Editor's note: This story is part of a series of stories leading up to the April 12 election. Follow the "2022 City Election" tag for more.
Simplified: Mayoral candidates Paul TenHaken, Taneeza Islam and David Zokaites discuss future sustainability goals, infrastructure needs and what role the mayor should play in ongoing community conversations about the child care crisis.
Sioux Falls Simplified asked all three candidates the same question in these subject areas. Here are their answers. (Candidates are listed in ballot order.)
Let's talk sustainability
Question: The city just released an ambitious plan to achieve net zero emissions by 2050, along with a number of other goals. Do you support that plan? How will you as mayor ensure these goals are met?
TenHaken said the city's plan was a "pragmatic, middle-of-the-road" approach to sustainability with little things the city can start to do which will eventually become the norm.
Unfortunately, he said, sustainability is becoming a politicized issue.
"We know that we have to care for the resources of this community," he said. "South Dakota’s built on that with grassland, hunting preserves. It's no different in Sioux Falls."
Islam noted the plan's "lofty" goals, and said as mayor she would continue in those sustainability efforts.
The long-term goal is changing the culture of driving to rely more on public transit, and that takes a lot of work, she said.
"My entire career has been about social change and what that means and how do we change the culture of a community to do that," Islam said, adding that the city has to figure out how to create a more sustainable environment for the future.
Zokaites said he hasn't read the sustainability plan released earlier this month, but he wishes it hadn't come out so close to the election.
"I think if sustainability was important to the current administration, they would’ve released the plan years ago," he said.
He also said sustainability is important and that he would look to city department heads to execute the plan.
Let's talk infrastructure
Question: A big part of city government is making sure basic city functions are working from cleared roads to filled potholes to water reclamation. What infrastructure needs do you see the city having in the coming years, and how can you help meet those needs?
The city's current wastewater project is running into incredible cost escalations, TenHaken said, and the city has a lot of work to do to figure out how to get that work completed.
The city is also starting to talk about what the primary water source will be in the future, he added.
"People want to see you spend a lot of money on roads and streets," he said. "I've spent a lot of money on roads and streets."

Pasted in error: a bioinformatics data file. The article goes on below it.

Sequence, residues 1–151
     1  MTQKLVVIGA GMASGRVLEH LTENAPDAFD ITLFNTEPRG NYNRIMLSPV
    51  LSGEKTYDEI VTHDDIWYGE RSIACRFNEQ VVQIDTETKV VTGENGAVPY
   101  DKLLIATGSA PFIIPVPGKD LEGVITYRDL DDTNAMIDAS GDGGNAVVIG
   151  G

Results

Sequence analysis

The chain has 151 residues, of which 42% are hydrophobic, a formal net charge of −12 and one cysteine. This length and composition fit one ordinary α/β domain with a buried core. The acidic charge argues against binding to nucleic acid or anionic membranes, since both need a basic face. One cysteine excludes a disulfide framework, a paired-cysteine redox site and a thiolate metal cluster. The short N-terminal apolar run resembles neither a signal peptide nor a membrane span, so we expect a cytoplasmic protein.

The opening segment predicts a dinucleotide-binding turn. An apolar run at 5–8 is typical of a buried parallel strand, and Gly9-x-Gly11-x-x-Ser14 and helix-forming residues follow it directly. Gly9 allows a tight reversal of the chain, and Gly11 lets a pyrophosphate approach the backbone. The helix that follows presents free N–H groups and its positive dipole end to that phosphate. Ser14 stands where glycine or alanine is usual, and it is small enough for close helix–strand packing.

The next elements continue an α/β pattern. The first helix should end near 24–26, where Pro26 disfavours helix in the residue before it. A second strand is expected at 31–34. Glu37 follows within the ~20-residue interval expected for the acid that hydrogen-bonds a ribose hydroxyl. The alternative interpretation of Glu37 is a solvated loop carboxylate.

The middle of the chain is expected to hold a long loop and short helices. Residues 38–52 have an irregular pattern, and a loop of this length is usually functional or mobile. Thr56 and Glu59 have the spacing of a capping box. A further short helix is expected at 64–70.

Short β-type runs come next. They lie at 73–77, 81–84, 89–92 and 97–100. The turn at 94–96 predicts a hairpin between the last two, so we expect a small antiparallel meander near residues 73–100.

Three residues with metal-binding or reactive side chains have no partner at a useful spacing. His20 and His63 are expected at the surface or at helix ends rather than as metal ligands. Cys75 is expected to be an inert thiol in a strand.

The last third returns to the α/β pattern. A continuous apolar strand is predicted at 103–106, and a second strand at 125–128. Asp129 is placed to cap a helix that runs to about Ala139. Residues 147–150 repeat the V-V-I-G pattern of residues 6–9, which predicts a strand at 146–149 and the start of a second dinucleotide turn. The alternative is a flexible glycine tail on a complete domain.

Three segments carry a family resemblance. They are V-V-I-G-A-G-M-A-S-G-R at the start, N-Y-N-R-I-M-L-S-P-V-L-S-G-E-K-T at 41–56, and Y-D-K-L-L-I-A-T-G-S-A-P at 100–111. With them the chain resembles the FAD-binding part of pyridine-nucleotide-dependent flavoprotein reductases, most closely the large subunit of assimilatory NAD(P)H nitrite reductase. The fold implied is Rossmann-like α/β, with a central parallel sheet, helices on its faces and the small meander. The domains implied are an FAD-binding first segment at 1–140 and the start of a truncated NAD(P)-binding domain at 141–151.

Islam said the planning and public works departments have great plans in place to make sure the roads that need to be fixed are being fixed.
She also noted that as the city grows, infrastructure needs will grow, too.
"It's important to understand that when we sprawl, we are creating more infrastructure that needs to be taken care of," she said, adding that the city needs to build in more density.
Zokaites said the bumpy roads are one of the biggest problems. He wants to see the city find a higher quality fix to potholes.
He also wants to see the city's new water reclamation plant creating water quality standards "good enough to swim in."
Let's talk child care
Question: One of the increasingly visible community needs is child care and after-school care. What role should the mayor play in those conversations moving forward, and how can the city be a part of the solution?
TenHaken said the mayor should be the "convener in chief" to bring different parties to the table.
He said the city is looking to get out of running community centers and instead have the school district take over to provide more after-school programming.
He also noted the updated One Sioux Falls framework released at the recent State of the City address includes kids and families as a focus.
Islam said as mayor, she'll bring together an intersectional task force with people from different sectors to address the child care needs.
"The mayor has to be leading those conversations," she said.
"The city budget is $650 million right now, and every penny is allocated," he said. "So if you want to get more of one thing, you usually have to get less of something else, and nobody every volunteers for the less part."
Zokaites also said if the city legalized recreational marijuana, the resulting sales tax could help fund child care needs.